New Zealand Journal of Ecology (2022) 46(1): 3466

Acoustic monitoring and occupancy analysis: cost-effective tools in reintroduction programmes for roroa-great spotted kiwi

Research Article
Peter Jahn 1*
James G. Ross 1
Darryl I. MacKenzie 2
Laura E. Molles 1,3
  1. Department of Pest Management and Conservation, Lincoln University, PO Box 85084, Lincoln 7647, New Zealand
  2. Proteus Wildlife Research Consultants, PO Box 7, Outram 9062, New Zealand
  3. Verum Group, PO Box 29-415, Christchurch 8024, New Zealand
*  Corresponding author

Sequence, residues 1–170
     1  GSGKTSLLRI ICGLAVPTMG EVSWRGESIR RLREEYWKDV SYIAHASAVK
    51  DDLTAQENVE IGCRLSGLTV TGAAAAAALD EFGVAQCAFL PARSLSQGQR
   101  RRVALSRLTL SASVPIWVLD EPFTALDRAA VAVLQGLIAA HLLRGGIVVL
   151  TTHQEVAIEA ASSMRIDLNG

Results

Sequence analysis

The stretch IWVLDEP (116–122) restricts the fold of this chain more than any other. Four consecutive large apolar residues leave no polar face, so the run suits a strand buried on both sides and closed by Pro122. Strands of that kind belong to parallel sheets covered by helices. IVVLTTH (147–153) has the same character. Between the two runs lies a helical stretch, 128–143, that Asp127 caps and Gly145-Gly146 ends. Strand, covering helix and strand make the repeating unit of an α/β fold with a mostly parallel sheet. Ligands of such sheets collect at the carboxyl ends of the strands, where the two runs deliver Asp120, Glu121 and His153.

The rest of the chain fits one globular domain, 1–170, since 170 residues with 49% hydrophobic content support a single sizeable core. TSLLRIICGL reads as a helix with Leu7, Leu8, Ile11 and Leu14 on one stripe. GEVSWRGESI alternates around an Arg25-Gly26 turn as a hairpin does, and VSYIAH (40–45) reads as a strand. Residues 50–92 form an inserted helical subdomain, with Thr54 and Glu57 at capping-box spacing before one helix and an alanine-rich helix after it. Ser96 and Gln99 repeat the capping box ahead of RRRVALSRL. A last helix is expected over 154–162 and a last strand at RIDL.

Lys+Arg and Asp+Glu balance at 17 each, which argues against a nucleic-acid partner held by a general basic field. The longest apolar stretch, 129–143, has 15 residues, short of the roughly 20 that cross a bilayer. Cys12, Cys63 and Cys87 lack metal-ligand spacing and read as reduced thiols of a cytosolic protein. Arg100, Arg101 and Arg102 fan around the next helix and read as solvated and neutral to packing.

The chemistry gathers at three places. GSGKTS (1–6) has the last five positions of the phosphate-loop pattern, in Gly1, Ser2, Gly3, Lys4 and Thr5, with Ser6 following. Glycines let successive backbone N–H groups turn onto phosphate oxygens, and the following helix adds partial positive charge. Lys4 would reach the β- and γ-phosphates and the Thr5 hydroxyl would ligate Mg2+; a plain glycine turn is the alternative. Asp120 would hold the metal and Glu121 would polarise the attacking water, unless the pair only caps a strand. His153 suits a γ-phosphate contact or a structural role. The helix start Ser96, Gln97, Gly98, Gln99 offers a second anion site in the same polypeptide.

Monitoring the response of wildlife populations to conservation management, such as translocations, is crucially important for assessing its effectiveness. Passive acoustic monitoring (PAM) is an emerging tool for monitoring cryptic and elusive species and is increasingly used in the management of kiwi. Inferences from data collected by PAM can be largely improved by occupancy analysis. By modelling occupancy, we overcome the issue of incomplete detectability, which would otherwise lead to underestimating actual site occupancy. Here we demonstrate the utility of occupancy analysis in a reintroduction programme for roroa-great spotted kiwi (Apteryx maxima, formerly known as A. haastii) in the Nina Valley, Lake Sumner Forest Park. We analysed PAM data from two survey years, 2012–2013 and 2017–2018 from the Nina Valley and the Hawdon Valley, Arthur's Pass National Park, which was the source population of the translocated birds. Occupancy estimates increased significantly between the two survey years at both study areas, despite the translocation of approximately 20% of known territorial adults (four pairs) from the Hawdon Valley to the Nina Valley in 2015. Moreover, at least three out of four territories, where adult birds were removed, were re-occupied by new pairs within three years. Site occupancy increased in the Nina Valley from 0.20 (SE 0.10) to 0.72 (0.10), and in the Hawdon Valley from 0.63 (0.10) to 0.95 (0.04). Detectability varied significantly between study areas and was influenced by the length of survey night, breeding/non-breeding season, and also wind speed. The differences between the naïve and estimated occupancy values underscore the benefits of occupancy modelling for measuring population response to conservation management. This study highlights the utility of using PAM in monitoring translocation outcomes: to track changes in occupancy and local distribution, as well as assessing impacts on the source population following the birds' removal for translocation.